Ironically, too, the on-field changes that Camp endorsed to open up the game (especially the forward pass) and make it safer helped to hasten the decline of football where it had first flourished, in schools we now call “Ivy League.”  Colleges increasingly saw football as a way to bring attention to themselves (Robin Lester’s Stagg’s University:  The Rise and Decline of Big-Time Football at Chicago [1995] is a vivid case study of how professionalism and commercialism came on stage early in the story.)  Camp had been an unpaid coach relying on volunteer assistants.  That soon changed, and college football was propelled down the road that led to Nick Saban, his $6.9 million salary, and his staff of dozens.

By 1915, although barely 55 years old, Camp was withdrawing from the college scene and refocusing his energies on fitness for the masses.  Predictably for a man of his class and background, he advocated “preparedness” as the United States edged toward involvement in the Great War—although his voice was far less shrill than that of his “kindred spirit,” Teddy Roosevelt.  Appalled, as many were, by the physical condition of many draftees, he became director of athletic programs for the Navy, set up a Senior Service Corps for men of his age, and became even more famous when he publicized the “Daily Dozen,” which Des Jardins aptly summarizes as “four groups of three alliterative exercises:  hands, hips, head; grind, grate, grasp; crawl, curl, crouch; wave, weave, wing,” all to be done, said Camp, “lightly and naturally.”

The game of football was passing him by, becoming more and more a spectacle for spectators.  A crowd of 77,000 watched the first game in the Yale Bowl in 1914 (and to show how the world was changing, Harvard won, 36-0).  College football was part of the “Golden Age of Sports” in the 1920s, as players like Red Grange were more famous than their teams or their schools, and coaches like Notre Dame’s Rockne became celebrities.  (Amherst’s Alexander Meiklejohn fired perhaps the last round in resisting the cult of the coach:  he proposed requiring coaches to sit in the stands during games.  Is it necessary to add that this suggestion got nowhere?)  And as the pile of money on which the college game was built grew ever higher, it was always in the name of “character-building” and “teamwork.”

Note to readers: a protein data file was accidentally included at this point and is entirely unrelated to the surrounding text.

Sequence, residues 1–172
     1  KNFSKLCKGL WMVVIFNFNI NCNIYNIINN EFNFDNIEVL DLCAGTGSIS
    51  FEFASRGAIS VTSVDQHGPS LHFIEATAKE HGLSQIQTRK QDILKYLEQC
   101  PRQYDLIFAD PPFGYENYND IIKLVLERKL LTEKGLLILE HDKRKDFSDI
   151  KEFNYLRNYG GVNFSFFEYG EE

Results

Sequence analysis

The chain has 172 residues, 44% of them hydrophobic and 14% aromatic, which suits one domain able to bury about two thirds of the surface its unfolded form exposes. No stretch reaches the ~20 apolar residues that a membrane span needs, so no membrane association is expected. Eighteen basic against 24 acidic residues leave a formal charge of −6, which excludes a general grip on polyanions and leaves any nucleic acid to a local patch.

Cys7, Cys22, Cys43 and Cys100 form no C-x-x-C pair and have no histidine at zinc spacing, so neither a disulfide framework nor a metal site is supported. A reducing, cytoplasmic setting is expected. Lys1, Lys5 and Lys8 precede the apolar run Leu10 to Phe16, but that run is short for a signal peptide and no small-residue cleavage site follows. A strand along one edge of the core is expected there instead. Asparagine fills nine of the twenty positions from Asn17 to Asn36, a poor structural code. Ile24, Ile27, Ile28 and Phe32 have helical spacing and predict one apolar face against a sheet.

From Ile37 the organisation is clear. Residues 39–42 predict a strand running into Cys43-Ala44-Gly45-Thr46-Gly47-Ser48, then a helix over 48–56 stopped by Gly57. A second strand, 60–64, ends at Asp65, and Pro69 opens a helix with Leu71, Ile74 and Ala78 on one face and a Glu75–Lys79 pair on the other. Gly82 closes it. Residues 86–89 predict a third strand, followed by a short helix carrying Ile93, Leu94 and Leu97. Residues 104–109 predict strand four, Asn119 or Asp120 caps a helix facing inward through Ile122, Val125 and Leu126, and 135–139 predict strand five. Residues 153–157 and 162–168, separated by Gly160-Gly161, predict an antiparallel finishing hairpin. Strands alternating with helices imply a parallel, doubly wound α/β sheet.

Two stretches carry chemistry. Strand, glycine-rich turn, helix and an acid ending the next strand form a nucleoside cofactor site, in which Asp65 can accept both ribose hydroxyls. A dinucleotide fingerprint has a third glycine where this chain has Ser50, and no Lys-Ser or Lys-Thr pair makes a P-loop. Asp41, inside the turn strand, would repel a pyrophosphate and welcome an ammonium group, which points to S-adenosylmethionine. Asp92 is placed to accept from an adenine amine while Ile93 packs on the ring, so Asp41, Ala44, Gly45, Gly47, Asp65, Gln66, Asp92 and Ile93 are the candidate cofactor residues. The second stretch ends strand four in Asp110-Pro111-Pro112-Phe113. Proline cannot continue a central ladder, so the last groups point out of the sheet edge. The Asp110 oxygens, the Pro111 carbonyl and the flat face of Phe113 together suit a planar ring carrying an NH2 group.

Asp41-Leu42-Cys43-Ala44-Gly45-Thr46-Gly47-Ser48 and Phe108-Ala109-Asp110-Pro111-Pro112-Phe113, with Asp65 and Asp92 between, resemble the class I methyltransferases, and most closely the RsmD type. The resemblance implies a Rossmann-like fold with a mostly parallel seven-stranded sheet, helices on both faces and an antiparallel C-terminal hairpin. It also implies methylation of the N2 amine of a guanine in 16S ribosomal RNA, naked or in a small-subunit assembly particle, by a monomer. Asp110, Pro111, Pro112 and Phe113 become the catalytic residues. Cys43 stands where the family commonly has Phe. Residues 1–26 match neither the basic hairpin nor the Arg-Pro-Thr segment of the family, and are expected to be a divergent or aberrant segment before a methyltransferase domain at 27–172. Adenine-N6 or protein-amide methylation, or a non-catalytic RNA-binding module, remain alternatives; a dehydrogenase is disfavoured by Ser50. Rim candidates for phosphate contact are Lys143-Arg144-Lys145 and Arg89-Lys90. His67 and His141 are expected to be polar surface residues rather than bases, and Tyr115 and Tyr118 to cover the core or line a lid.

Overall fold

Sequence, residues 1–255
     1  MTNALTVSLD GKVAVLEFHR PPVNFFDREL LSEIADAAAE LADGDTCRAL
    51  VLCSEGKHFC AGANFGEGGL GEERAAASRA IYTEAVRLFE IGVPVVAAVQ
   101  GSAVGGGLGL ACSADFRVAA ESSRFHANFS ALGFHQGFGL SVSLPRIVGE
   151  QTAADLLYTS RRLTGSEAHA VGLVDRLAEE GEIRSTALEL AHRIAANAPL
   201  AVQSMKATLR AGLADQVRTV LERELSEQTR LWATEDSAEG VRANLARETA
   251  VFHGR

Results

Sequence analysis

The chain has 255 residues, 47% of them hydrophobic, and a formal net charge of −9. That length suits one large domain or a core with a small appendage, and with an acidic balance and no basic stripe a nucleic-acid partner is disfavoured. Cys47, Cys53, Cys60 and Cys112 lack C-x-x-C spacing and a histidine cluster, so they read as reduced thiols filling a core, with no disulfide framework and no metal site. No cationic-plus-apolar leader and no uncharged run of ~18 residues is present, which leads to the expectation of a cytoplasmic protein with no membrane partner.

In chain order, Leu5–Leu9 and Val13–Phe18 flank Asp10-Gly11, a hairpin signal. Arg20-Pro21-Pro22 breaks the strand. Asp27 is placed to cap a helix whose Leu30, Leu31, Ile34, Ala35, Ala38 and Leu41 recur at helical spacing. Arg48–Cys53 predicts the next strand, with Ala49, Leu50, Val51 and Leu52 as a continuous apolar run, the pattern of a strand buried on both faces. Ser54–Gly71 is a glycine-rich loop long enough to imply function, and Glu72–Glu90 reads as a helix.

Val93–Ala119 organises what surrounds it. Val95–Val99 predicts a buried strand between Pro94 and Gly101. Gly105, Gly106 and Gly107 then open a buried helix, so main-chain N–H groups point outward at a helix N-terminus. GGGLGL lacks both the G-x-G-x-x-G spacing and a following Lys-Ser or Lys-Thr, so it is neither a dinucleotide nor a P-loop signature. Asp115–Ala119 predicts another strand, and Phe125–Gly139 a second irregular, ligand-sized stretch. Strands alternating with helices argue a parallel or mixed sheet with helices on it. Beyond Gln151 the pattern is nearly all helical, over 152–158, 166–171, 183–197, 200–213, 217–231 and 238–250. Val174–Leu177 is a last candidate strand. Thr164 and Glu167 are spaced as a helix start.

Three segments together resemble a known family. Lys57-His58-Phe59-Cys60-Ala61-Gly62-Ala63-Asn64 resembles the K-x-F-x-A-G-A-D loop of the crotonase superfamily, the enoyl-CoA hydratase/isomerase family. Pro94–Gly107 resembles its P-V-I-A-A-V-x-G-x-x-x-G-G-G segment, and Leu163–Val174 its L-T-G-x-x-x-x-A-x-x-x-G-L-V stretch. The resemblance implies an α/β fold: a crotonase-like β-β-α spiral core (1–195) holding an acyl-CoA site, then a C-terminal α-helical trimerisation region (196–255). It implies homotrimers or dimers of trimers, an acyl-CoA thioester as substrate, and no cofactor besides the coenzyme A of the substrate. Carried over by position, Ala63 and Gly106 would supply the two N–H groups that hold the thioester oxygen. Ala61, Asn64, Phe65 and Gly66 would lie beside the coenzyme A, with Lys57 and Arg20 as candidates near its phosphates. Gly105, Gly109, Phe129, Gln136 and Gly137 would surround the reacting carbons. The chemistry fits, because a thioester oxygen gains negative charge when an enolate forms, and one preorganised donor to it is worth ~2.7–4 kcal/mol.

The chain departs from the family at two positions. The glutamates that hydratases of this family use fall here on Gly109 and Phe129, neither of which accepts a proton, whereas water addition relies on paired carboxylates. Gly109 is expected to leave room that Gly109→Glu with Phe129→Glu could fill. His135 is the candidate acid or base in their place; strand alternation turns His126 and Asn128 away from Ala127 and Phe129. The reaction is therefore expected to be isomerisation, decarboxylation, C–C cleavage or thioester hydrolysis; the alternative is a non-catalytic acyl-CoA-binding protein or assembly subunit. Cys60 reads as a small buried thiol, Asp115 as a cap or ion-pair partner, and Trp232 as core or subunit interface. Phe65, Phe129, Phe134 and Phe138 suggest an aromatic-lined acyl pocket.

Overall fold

Recounting the “Fourth Quarter” of Camp’s life, Des Jardins notes some final ironies.  The paragon of fitness and upright living died suddenly of a heart attack.  He was not quite 66 years old.  Then again, he had been a cigarette smoker.  And while his estate proved to be worth over $328,000, only about $12,500 of that was stock in the New Haven Clock Company.  The rest came from his athletic activities.  Not bad for an advocate of amateurism.

Des Jardins details these contradictions humanely and empathetically, and she uses evidence effectively when highlighting Camp’s very human, sometimes paradoxical nature.  He advocated “civilized manliness and primitive masculinity all at once,” she says, and “made Americans think that old and new forms of manhood could be reconciled into an effective whole, since he was walking proof—an intellectual and an athlete, a moral and physical specimen, a gentleman and a man’s man.  Few Americans were more successfully or literally self-made.”   In short, Des Jardins gives us an organic, coherent portrait of Walter Camp in the midst of his complicated, changing times.   Her book is a perfect marriage of author and subject.